Misuse of Student Loans to Pay Down Other Debt

On rare occasions, a potential bankruptcy client will say something that makes me fall out of my chair.  Having spent four years of college in New York City, it is fairly difficult to shock me.  However, misuse of student loans are one of those things that make me fall out of my chair.  Why?

First, let me lay some groundwork about student loans and bankruptcy.  As a general rule, you cannot eliminate student loans in bankruptcy.  If you are able work, you will not be able to wipe out student loans in bankruptcy.  Student loans are basically a form of modern day economic slavery.  For most people, the student loan debt is not going away until the entire debt is paid.

In contrast, unsecured debt like credit cards and medical bills can be eliminated in a Chapter 13 or a Chapter 7 case.

A few weeks ago, a potential client informed me that she had received a lump sum of student loan money for her living expenses for the coming year.  Instead of using this money for it’s intended purpose, she used it to pay off her credit card debt.  Her reasoning was that the student loan interest rate was extremely low and the credit card interest rate was extremely high.  Was this a good move?  In her case, the answer is absolutely no!  She took some debt that we could have eliminated in a bankruptcy case and transfored it into debt that we will never be able to eliminate in a bankruptcy.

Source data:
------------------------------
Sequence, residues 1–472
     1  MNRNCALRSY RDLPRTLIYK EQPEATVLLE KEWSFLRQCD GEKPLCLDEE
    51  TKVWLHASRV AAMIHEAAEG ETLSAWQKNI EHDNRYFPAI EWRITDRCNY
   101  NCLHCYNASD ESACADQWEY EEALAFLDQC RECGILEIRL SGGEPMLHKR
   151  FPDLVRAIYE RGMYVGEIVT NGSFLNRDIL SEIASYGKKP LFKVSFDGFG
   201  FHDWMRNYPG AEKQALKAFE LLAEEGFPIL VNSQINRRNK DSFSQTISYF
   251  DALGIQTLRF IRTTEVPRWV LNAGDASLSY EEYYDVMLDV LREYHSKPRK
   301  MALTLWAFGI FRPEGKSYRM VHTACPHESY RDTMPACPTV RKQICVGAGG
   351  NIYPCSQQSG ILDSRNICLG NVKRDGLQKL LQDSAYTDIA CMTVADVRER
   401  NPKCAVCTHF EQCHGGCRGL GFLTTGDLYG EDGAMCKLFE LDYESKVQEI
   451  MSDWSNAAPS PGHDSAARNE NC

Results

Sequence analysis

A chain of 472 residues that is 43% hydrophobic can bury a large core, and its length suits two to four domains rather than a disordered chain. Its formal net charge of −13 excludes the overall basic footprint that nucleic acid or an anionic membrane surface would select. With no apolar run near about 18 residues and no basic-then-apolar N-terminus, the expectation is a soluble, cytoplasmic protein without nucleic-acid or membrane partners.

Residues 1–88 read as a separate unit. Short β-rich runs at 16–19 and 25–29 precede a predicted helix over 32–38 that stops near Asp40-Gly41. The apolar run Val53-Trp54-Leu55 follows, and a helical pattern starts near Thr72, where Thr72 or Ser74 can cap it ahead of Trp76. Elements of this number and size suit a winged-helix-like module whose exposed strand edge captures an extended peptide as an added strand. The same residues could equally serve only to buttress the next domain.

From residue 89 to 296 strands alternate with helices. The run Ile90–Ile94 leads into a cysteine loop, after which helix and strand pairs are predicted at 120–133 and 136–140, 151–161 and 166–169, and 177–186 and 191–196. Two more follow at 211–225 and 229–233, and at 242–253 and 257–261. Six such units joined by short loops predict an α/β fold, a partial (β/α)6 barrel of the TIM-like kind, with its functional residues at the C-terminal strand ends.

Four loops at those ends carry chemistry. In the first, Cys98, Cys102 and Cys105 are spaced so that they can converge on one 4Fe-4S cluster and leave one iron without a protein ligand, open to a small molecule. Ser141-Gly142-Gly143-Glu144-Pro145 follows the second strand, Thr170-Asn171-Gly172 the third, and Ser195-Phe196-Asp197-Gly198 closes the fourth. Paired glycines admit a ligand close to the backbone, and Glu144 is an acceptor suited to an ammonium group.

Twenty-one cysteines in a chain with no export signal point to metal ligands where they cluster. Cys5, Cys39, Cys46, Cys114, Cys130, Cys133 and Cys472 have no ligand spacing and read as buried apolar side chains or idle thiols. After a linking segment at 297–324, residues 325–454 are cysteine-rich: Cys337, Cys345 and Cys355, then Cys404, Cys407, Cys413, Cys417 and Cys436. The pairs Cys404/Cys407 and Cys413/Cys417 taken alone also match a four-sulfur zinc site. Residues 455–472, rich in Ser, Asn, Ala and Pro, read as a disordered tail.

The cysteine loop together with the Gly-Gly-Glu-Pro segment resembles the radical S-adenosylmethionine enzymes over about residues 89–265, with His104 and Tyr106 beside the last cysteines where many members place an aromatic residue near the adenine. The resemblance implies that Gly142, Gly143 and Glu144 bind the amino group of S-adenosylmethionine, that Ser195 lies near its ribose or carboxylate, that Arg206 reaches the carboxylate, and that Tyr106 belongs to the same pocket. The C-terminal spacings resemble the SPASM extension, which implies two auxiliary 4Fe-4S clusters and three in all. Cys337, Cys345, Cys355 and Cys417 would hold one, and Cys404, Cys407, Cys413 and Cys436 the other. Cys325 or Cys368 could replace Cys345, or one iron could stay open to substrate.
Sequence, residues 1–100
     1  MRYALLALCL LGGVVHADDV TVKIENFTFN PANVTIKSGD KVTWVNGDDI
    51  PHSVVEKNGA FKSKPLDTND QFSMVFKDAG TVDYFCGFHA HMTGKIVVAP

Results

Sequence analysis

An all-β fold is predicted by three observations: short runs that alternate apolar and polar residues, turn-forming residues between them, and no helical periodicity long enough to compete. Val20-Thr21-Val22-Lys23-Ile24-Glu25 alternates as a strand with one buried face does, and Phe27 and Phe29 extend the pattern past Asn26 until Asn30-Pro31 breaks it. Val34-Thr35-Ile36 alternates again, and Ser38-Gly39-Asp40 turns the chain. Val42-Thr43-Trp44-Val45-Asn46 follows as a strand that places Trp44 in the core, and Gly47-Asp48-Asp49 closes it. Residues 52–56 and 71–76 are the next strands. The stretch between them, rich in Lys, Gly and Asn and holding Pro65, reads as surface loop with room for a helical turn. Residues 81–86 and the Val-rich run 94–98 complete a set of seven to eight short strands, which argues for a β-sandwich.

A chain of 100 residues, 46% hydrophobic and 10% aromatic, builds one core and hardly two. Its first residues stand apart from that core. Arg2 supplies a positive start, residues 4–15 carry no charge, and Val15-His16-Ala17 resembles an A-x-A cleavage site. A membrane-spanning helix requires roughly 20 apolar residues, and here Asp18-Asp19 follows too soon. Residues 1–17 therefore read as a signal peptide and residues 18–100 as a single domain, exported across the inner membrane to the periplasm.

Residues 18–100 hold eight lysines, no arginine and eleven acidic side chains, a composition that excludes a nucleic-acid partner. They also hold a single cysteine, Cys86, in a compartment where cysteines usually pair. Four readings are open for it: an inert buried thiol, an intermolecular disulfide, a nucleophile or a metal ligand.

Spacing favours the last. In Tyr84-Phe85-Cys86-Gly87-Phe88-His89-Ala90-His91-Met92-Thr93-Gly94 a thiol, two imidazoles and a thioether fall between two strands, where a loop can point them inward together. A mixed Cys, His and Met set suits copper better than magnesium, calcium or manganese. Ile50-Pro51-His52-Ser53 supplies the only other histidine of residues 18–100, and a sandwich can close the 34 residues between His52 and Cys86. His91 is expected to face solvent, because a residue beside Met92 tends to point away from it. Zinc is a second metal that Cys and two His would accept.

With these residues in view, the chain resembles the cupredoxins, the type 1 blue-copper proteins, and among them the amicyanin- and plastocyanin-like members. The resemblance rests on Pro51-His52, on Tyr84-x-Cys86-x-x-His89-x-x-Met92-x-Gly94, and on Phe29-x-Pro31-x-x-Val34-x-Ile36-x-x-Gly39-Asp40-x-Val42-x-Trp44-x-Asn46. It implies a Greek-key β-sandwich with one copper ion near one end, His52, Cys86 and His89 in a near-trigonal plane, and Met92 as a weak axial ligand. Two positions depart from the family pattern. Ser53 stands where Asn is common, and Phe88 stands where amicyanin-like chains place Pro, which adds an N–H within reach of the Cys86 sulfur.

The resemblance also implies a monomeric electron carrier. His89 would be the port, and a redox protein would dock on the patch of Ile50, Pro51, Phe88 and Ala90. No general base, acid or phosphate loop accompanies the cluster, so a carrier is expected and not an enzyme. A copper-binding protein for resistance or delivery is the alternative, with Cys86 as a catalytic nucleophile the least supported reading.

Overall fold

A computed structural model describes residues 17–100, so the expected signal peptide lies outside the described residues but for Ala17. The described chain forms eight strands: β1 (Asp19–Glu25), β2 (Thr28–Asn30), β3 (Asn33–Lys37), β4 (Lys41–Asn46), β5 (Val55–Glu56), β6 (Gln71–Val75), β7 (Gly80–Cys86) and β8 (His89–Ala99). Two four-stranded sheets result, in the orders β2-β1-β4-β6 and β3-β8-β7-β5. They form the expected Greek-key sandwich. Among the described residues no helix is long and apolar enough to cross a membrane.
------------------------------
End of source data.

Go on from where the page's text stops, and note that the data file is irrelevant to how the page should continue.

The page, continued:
I’ve also had potential bankruptcy clients ask me my opinion about using student loan money as a down payment on a house.  Currently, housing prices in the Northwest Georgia area are extremely low because of this awful economy.  Even though it is a great time to purchase a house, I think it is a terrible idea to use student loan money as a down payment on a house.  When it comes to student loans, you are playing with fire.  What will you do if the house turns out to be a lemon?  What if you have trouble making the future mortgage payments and it gets foreclosed?

When it comes to student loans, my advice will always be to borrow as little as possible to get your degree.  Once you get your degree, pay those student loans as quickly as possible and set yourself free from the bondage.

Other posts you might be interested in reading.

1.  What is Chapter 13?

2. What is Chapter 7?

3. How much does it cost to file?

4.  How do I stop a garnishment?

5.  How do I stop a foreclosure?

 

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